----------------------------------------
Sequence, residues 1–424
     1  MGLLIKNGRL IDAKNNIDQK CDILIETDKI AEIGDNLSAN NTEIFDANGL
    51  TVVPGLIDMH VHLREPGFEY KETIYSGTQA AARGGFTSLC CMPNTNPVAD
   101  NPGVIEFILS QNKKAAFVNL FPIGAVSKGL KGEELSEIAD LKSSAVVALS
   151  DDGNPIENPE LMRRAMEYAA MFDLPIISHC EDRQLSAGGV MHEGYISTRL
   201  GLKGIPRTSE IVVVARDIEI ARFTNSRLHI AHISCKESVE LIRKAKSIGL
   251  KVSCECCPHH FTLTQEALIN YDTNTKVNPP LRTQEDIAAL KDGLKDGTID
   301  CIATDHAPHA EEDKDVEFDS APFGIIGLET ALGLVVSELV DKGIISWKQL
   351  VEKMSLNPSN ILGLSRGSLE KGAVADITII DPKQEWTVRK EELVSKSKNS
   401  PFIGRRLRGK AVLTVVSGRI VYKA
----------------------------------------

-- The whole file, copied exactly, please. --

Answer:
Sequence, residues 1–424
     1  MGLLIKNGRL IDAKNNIDQK CDILIETDKI AEIGDNLSAN NTEIFDANGL
    51  TVVPGLIDMH VHLREPGFEY KETIYSGTQA AARGGFTSLC CMPNTNPVAD
   101  NPGVIEFILS QNKKAAFVNL FPIGAVSKGL KGEELSEIAD LKSSAVVALS
   151  DDGNPIENPE LMRRAMEYAA MFDLPIISHC EDRQLSAGGV MHEGYISTRL
   201  GLKGIPRTSE IVVVARDIEI ARFTNSRLHI AHISCKESVE LIRKAKSIGL
   251  KVSCECCPHH FTLTQEALIN YDTNTKVNPP LRTQEDIAAL KDGLKDGTID
   301  CIATDHAPHA EEDKDVEFDS APFGIIGLET ALGLVVSELV DKGIISWKQL
   351  VEKMSLNPSN ILGLSRGSLE KGAVADITII DPKQEWTVRK EELVSKSKNS
   401  PFIGRRLRGK AVLTVVSGRI VYKA